Primary elections and caucuses are a key part of the process of selecting the next president. They provide a crucial opportunity for voters to take control and influence the process by selecting their top candidate to represent a political party in the general election.
Unfortunately, fewer voters tend to turn out for primary elections and caucuses despite their impact on who ultimately wins the race for the White House. Therefore, any increase in turnout can have a significant impact; remind your friends and family to register to vote so that they can participate in the upcoming presidential primaries.
The rules about the primaries, including when they are held and who can participate in them, vary by state. But, here’s a quick look to help answer your questions about this pivotal part of our voting system.
How Do Primaries and Caucuses Work? Who Can Participate?
Rules on which voters can participate in primaries and caucuses vary by state. Generally speaking, individuals designate the political party whose primary or caucus they will vote in when they register to vote or update their voter registration. Some states let you make this choice on Election Day. States generally hold one of three main types of primaries or a nominating caucus.
All voters may cast a ballot in a primary, regardless of their political affiliation. This means that as long as you are registered to vote, you may choose which party’s primary you want to participate in.
Only voters who are registered members of a political party prior to the primary may participate in choosing that party’s candidates.
Semi-closed or Hybrid Primaries
Voters who have not previously chosen a political party can choose which party’s primary to vote in. Voters registered with a party may only vote in that party's primary. This system represents a middle ground since independent or unaffiliated voters can still participate, but voters cannot vote outside of their designated party.
A small group of party leaders or a broader group of voters choose the party’s nominee. In some states, voters from any party can participate in any party’s caucus. Unlike a primary election, nominating caucuses are run by the party itself, not the state or local government.
What are Delegates?
In the presidential primaries, voters select delegates who have committed to representing a particular candidate at the party’s national convention later this summer. Voters may see the delegate's name alongside their chosen candidate when in the voting booth.
The delegates' job is to confirm voters’ choice on the floor of the party’s national convention. Most states’ primaries and caucuses are binding, meaning that the results legally bind some or all of the delegates to vote for a particular candidate unless they release their delegates, for example, if they drop out of the race. How states disseminate their delegates varies, with some being proportional to the election results while others are winner-takes-all.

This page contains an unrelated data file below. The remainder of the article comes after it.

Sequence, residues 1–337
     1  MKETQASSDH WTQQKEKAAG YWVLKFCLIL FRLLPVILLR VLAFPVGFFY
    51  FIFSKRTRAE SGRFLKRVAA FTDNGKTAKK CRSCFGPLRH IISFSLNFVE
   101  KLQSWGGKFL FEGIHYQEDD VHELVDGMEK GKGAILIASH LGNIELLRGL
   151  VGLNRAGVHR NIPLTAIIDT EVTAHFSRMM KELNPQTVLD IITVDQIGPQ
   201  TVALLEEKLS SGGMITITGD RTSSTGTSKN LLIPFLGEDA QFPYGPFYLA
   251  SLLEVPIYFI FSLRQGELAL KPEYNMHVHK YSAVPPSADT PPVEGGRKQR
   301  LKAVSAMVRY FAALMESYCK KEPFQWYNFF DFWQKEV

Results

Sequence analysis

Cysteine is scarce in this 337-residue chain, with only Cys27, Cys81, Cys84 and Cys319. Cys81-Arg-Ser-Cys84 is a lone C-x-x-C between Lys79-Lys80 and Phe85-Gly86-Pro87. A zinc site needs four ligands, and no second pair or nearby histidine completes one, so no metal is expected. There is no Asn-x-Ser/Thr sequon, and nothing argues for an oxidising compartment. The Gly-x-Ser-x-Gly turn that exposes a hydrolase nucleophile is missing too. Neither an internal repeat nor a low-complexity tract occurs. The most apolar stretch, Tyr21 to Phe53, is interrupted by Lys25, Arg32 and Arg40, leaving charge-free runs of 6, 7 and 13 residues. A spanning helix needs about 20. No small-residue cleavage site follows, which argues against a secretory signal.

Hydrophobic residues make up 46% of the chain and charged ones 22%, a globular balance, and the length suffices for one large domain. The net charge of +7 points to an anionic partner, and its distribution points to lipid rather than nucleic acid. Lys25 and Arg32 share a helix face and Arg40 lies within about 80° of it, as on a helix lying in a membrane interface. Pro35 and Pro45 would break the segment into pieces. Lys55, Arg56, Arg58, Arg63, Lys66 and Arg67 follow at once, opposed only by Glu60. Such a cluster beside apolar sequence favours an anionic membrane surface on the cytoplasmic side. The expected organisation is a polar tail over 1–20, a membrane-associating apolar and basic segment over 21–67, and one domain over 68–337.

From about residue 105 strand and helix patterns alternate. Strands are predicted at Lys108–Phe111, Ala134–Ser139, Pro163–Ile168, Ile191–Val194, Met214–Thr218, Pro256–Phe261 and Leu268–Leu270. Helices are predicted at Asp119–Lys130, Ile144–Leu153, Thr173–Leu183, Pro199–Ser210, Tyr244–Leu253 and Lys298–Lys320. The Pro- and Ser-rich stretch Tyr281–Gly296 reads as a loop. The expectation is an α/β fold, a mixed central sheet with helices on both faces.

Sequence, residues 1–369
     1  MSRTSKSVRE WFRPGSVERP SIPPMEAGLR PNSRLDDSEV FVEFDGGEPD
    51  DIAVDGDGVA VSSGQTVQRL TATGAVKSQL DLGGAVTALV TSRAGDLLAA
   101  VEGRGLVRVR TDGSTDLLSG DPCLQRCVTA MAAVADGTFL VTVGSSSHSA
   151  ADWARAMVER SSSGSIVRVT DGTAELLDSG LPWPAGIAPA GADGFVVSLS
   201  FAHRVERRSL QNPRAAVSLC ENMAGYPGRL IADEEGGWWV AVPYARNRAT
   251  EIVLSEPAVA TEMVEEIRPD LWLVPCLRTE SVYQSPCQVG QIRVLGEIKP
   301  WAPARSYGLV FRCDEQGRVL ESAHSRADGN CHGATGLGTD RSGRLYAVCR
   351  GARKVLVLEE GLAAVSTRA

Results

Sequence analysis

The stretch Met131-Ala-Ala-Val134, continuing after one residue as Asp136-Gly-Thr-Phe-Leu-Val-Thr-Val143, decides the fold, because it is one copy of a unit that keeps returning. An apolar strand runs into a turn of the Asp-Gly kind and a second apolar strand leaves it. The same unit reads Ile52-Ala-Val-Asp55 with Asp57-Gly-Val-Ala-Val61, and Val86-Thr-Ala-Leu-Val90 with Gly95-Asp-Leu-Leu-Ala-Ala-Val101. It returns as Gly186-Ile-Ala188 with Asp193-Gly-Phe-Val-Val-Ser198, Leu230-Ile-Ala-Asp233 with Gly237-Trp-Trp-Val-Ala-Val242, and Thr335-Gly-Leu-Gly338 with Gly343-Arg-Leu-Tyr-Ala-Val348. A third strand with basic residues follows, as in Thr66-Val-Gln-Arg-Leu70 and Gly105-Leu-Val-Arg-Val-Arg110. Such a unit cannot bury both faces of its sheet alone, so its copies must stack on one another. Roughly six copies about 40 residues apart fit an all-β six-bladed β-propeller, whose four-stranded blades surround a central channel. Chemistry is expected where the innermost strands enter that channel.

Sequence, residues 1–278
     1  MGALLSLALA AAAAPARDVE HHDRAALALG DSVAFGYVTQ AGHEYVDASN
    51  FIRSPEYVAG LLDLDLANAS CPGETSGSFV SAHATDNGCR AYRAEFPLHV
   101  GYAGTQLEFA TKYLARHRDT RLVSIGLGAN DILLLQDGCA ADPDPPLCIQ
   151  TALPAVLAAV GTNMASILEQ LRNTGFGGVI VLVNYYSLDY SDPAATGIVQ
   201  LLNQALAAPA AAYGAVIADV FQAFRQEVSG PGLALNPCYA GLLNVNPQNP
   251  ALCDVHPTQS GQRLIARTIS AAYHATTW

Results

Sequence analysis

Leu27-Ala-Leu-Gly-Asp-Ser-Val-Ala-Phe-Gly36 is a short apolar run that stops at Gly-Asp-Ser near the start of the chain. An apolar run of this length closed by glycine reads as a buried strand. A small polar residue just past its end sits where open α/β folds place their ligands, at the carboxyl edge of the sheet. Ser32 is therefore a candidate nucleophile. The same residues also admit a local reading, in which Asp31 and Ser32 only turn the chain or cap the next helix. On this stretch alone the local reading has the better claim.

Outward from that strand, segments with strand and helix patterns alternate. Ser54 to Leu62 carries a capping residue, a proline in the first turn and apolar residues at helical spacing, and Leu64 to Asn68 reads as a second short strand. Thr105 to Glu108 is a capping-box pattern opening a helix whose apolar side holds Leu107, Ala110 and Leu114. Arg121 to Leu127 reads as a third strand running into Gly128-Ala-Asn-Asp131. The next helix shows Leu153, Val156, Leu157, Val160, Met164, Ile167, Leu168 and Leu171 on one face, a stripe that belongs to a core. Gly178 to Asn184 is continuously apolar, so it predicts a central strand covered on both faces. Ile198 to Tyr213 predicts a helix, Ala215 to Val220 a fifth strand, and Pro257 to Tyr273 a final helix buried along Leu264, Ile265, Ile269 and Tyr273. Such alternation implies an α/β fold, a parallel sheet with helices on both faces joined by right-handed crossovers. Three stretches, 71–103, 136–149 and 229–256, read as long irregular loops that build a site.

When Is My State’s Primary or Caucus?
Primary elections can be held at any time throughout the year, but most presidential primaries are held between February and June. The most influential primary day is often "Super Tuesday," when most states simultaneously hold their primaries and caucuses.
Enter your address at VOTE411 to find everything you need to know about your state’s upcoming elections, including primary or caucus date and deadlines for voter registration, early and absentee voting opportunities, voting rules, and more.
How Do I Learn About The Candidates?
In the lead-up to primaries and caucuses, candidates work to convince potential voters to vote for them. They usually do this through speeches, public events, radio and television commercials, ads, and mailings, as well as through candidate debates and forums.
Candidate debates and forums are core features of US politics that help voters learn more about a candidate and his or her stance on key issues. . Additional debates and forums will occur throughout the primary and caucus season.
In addition to debates and forums, voters can learn about candidates through VOTE411's candidate guides, which provide information directly from the candidates regarding where they stand on a variety of public policy issues.
What Else Do I Need To Know?
As more states vote, the number of candidates actively campaigning usually shrinks (though candidates’ names may remain on ballots after they have withdrawn from the race). Additionally, not all candidates will be on the ballot in every state. VOTE411 can help voters learn which candidates to expect on their ballot.
Whether at the local, state, or national level, voting is the most powerful way to have your voice heard. That’s why it’s crucial that you make sure you’re registered and ready to vote! If you recently changed your name or moved or want to change your party affiliation, please update your voter registration record. Remember to remind your friends and family members to check or update their registration, too!
This blog was updated on 1/30/24